Why Zuma must step down

The new political year inaugurated by Supreme Court of Appeal (SCA) Judge Louis Harms on Monday has made one thing clear: Jacob Zuma must decline to be the ANC’s presidential candidate in the forthcoming election. Any other political solution to his legal problems would continue the erosion of constitutional foundations, which both he and his party did so much work to lay.

It has become heretical to say so in the wake of the Chris Nicholson judgement and the sacking of Thabo Mbeki but the ruling party needs to find another person to carry its torch at the polls and in government.

A Zuma presidency, with or without a criminal trial, would hurt South Africa at just about every level: social, economic, political and institutional. And his candidacy would hurt the party.
While further legal proceedings against him may inflame the already-committed base, they will further alienate the doubters and hand the DA and Congress of the People fresh ammunition.

That these concerns are beginning to be aired anew among members of the ANC’s national executive committee is encouraging. There is some comfort to be drawn from the fact that the party did not greet Zuma’s defeat at the SCA with a fresh attack on the judiciary. The ruling party’s restraint is a sign that it realises how seriously its attacks on the courts last year backfired. It is, sadly, not a sign of any fundamental change in intent.

Zuma’s supporters are now planning a less frontal attack, which will subvert democratic institutions from within rather than besieging them from without. As we report this week the ANC president’s team will attempt to persuade prosecuting authorities to drop their case against him in the interests of averting serious national instability. This is a gambit it has been trying for some time and it effectively amounts to the threat of a coup.

It is a threat couched as a warning and if it fails, as it surely must, the suggestion is that the National Director of Public Prosecutions (NDPP) can be replaced. Acting NDPP Mokotedi Mpshe is proving unexpectedly resolute, which is no doubt why there is such urgency about finalising the sacking of Vusi Pikoli, who, Harms said, had been obliged in the face of the evidence to bring charges against Zuma.

Parliament’s presiding officers are making much of their efforts to consider whether they will confirm President Kgalema Motlanthe’s craven decision to dismiss Pikoli, establishing a joint committee of the National Assembly and National Council of Provinces, before taking its recommendations to a vote. That process, shoe-horned into the dying days of the parliamentary term, however, is already descending into bitter farce.

That the ANC could choose Oupa Monareng, a man convicted of bribing police officers in 1996 when he was caught driving an allegedly stolen car, to be co-chair of a committee that will evaluate the fitness for office of a man recognised by his peers as 2008 international prosecutor of the year, is a stark illustration of the topsy-turvy political morality of the battle to save Zuma.

Decisions taken at Polokwane mean the ANC cannot choose another presidential candidate unless Zuma relinquishes his claim. If he and his party really have the interests of the people—rich and poor—at heart that is what he must do, before it is too late.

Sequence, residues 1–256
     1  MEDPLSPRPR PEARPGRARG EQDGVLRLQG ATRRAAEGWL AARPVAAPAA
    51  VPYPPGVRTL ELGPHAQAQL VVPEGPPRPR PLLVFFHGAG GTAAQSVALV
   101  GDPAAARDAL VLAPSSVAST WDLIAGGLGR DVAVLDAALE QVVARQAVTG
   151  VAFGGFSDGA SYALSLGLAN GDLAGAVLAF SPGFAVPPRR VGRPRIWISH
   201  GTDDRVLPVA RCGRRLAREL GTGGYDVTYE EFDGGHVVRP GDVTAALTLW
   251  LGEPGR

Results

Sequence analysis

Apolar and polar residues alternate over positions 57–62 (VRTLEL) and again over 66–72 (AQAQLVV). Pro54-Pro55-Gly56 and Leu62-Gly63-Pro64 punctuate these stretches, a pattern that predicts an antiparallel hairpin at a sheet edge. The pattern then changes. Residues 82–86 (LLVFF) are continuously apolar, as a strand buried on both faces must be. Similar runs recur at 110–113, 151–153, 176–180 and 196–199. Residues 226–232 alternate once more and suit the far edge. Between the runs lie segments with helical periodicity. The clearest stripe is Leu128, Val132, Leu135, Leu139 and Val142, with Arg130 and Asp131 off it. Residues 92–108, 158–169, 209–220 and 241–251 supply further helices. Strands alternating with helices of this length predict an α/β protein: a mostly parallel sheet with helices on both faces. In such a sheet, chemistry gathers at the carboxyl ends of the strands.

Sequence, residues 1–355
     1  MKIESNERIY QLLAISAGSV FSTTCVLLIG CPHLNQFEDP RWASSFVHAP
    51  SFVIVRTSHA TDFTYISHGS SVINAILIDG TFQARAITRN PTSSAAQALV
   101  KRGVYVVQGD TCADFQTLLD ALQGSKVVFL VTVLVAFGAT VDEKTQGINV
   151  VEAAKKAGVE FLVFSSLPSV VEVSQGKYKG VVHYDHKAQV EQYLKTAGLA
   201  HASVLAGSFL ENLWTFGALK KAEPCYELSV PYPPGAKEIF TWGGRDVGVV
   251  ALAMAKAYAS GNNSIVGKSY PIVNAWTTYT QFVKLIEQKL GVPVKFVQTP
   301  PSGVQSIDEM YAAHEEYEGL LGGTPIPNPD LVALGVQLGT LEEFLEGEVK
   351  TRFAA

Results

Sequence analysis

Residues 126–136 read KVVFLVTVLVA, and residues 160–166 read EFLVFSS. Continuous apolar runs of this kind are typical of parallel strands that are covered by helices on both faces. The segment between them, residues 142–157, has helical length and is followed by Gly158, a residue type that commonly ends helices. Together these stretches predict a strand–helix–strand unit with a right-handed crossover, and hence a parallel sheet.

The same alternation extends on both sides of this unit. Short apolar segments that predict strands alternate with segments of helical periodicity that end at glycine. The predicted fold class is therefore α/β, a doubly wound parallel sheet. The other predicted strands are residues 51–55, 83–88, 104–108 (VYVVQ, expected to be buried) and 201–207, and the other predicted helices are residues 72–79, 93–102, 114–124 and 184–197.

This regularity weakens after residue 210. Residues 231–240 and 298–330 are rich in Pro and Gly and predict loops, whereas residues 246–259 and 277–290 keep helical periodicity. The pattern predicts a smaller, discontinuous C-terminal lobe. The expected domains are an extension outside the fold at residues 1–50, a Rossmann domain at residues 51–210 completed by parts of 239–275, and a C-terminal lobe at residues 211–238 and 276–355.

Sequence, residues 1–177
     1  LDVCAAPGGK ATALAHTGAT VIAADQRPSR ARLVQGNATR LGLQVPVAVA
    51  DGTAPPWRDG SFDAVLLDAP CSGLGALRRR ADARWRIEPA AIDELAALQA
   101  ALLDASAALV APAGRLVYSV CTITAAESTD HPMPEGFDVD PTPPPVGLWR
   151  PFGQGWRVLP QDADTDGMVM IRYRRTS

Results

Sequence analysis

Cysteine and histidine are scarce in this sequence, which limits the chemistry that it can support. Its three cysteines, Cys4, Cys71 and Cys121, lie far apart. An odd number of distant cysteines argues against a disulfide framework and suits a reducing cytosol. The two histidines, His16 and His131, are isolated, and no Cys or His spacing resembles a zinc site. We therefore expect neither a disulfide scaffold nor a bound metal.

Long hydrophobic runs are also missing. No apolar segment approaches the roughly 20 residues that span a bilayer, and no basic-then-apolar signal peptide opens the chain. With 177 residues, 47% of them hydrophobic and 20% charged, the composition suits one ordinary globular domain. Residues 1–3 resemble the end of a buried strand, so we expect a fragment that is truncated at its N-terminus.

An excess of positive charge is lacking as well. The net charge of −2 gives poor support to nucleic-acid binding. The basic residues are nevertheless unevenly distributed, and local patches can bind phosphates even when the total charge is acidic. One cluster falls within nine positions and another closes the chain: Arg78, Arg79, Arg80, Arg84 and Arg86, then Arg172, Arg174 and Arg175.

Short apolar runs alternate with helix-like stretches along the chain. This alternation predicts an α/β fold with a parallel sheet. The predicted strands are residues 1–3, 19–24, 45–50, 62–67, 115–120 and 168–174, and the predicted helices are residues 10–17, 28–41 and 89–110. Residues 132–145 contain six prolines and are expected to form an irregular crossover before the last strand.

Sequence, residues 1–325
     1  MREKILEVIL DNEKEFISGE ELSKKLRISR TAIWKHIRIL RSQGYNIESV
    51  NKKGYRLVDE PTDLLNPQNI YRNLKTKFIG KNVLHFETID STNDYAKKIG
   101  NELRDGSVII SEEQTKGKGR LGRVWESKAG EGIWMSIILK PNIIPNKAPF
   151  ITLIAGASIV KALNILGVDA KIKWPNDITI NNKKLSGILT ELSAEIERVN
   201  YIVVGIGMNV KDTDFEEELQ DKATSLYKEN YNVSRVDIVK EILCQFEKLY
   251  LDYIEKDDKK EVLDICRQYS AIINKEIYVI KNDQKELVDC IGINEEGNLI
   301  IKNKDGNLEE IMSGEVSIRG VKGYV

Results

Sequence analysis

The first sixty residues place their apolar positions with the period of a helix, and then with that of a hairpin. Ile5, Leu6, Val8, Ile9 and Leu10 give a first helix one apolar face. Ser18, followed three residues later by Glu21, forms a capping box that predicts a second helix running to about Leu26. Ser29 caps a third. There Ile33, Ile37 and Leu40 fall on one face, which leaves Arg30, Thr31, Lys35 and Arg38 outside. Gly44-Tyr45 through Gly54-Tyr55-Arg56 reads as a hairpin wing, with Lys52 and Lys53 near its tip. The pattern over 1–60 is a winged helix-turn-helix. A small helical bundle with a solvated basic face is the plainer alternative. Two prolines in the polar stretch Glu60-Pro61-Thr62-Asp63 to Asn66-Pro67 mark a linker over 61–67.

Banking on change
A jittery corporate South Africa is getting its knickers in the knot about a potential constitutional change, which will allow the Reserve Bank’s ­mandate to be altered to include a broader set of imperatives than interest rates alone.

The ANC’s refusal to state clearly what its monetary and fiscal policy intentions are after the elections is not helping matters. The manifesto launched last week speaks vaguely of changes but does not define these. It is no bad thing that the Reserve Bank should also consider employment and other developmental imperatives—we are, after all, a developing country in Africa, not a highly developed Western economy.

The fact that unemployment, at the expanded rate, is now nudging higher again, is a crucial indicator of economic policy and the financial crunch is threatening to push poverty levels up from an already crippling rate of more than 40%. It’s a no-brainer that a country like ours cannot adopt an orthodox model of monetary policy and it’s no use scaremongering because moves are afoot to change this. Instead, the ruling party should state that it will use both elements of the bank’s mandate (to protect the currency and encourage sustainable growth) to ensure that joblessness comes down substantially. But it must also restate support for an independent Reserve Bank and ensure that the Bank does not become the plaything of the populists, who are about to storm the ramparts of the Union Buildings. The lessons of Zimbabwe are apposite.

Of course, the creation of employment depends on many other factors, such as business confidence (the private sector is still the largest site of job creation), and on simplifying the system of hiring and managing labour. It is on these matters that the ANC is silent as it contemplates a rate of statist policymaking out of touch with modern politics and economics. It’s right that we write a new job description for Reserve Bank governor Tito Mboweni but quite wrong that Karl Marx provide the full script for a South African economy circa 2010.

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